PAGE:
The United Nations says the ruling ‘violates human rights’
In a landmark decision, the United Nations has ruled that the niqab ban in France is a human rights violation. The announcement follows the case of two women, who were prosecuted under the country’s strict face concealment laws in 2016. Women in the country are fined 150 euros (approximately AED 632) if caught wearing the niqab.
The 18-person committee investigating the two cases concluded that it risked “confining them to their homes” and “impeded their access to public services and marginalised them”.
Nearly a decade after France enforced a ban on the niqab in the country, the intergovernmental organisation condemned the law which impacts a minority of Muslim women in the country.
“The Committee was not persuaded by France’s claim that a ban on face covering was necessary and proportionate from a security standpoint or for attaining the goal of ‘living together’ in society,” a UN spokesperson said.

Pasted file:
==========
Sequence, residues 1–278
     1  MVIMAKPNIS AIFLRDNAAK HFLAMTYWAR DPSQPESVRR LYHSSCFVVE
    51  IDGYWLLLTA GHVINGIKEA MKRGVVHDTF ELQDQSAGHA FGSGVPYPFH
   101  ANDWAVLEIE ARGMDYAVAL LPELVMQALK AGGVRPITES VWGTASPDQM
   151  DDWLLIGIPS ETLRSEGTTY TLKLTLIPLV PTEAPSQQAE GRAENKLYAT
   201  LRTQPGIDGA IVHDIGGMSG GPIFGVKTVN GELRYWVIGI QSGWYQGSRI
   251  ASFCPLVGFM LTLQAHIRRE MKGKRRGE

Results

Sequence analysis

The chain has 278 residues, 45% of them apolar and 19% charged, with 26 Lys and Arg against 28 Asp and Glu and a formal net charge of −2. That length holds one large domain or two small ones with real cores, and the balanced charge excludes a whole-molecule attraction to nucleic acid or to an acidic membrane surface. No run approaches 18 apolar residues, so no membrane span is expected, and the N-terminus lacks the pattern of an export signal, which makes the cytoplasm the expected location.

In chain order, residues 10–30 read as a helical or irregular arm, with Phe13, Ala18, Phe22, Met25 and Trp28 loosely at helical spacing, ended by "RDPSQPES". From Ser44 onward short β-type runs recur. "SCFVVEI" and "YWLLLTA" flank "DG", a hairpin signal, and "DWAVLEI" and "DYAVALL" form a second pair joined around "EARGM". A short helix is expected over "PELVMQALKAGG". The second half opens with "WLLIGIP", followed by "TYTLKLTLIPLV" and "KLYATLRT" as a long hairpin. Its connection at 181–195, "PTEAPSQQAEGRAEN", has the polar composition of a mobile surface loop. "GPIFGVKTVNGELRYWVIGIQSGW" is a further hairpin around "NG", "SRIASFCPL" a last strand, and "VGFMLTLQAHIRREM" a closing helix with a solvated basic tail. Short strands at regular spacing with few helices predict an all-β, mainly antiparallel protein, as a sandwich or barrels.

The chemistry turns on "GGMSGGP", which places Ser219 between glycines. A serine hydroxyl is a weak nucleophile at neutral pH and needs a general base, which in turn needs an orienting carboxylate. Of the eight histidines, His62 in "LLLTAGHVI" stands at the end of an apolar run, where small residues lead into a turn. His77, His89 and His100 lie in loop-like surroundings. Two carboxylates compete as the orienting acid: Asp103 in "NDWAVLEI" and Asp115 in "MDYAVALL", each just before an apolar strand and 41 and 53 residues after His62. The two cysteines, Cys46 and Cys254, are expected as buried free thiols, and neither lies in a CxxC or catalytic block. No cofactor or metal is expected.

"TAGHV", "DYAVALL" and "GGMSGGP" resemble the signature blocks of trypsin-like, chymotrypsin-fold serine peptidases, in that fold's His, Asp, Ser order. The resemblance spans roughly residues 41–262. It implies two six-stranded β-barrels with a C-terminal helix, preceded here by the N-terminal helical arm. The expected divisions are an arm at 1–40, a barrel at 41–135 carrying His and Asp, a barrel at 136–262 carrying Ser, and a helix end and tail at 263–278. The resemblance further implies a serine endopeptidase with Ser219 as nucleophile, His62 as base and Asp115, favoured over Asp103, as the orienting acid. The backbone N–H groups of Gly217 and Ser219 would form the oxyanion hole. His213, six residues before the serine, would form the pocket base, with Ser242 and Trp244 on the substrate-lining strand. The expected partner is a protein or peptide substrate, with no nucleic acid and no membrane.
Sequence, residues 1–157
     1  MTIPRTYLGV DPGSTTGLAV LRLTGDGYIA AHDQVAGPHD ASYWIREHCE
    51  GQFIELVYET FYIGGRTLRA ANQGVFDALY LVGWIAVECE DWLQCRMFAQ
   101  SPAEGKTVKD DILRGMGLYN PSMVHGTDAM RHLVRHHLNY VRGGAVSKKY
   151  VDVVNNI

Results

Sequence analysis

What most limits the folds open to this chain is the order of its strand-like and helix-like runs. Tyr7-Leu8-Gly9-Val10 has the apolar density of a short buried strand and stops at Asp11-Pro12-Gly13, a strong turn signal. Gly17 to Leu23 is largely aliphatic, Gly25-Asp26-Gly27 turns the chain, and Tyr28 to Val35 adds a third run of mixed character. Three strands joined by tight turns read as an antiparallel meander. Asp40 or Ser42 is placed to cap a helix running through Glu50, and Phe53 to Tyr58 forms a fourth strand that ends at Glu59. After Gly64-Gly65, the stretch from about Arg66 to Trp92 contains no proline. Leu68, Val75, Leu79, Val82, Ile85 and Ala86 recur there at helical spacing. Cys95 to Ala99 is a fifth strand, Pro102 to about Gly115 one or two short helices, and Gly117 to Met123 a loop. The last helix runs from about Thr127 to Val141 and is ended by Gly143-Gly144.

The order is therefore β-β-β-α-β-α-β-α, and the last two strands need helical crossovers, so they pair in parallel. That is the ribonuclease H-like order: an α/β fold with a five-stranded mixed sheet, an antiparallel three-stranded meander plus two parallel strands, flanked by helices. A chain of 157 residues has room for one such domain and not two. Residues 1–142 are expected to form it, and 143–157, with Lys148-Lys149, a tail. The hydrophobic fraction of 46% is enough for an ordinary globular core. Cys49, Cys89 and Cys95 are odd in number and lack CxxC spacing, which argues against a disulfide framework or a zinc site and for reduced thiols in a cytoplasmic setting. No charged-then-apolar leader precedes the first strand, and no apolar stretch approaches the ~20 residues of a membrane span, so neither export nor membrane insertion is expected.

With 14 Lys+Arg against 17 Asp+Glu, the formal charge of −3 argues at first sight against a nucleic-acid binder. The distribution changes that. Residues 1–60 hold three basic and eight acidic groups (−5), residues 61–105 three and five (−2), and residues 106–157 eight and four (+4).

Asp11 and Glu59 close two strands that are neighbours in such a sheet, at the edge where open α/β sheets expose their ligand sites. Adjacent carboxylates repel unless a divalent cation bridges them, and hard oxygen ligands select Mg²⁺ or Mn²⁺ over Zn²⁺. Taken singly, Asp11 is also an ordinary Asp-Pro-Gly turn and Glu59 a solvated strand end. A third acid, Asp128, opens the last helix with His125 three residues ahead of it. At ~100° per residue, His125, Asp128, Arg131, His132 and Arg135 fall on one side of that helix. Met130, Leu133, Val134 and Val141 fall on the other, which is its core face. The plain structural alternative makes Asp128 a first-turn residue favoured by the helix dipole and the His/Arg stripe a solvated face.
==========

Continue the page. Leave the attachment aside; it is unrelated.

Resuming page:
The law was first announced in September 2010, when it was estimated that it would affect around 2,000 niqab-wearing women out of the total of France’s 3.5 million Muslim population.
“The decisions represented the position of the committee that a general criminal ban did not allow for a reasonable balance between public interests and individual rights,” committee chair Yuval Shany said.
France will now have 180 days to prove to the United Nations that it has taken the ruling into consideration, and to compensate the two women who brought their prosecution cases to the intergovernmental organisation.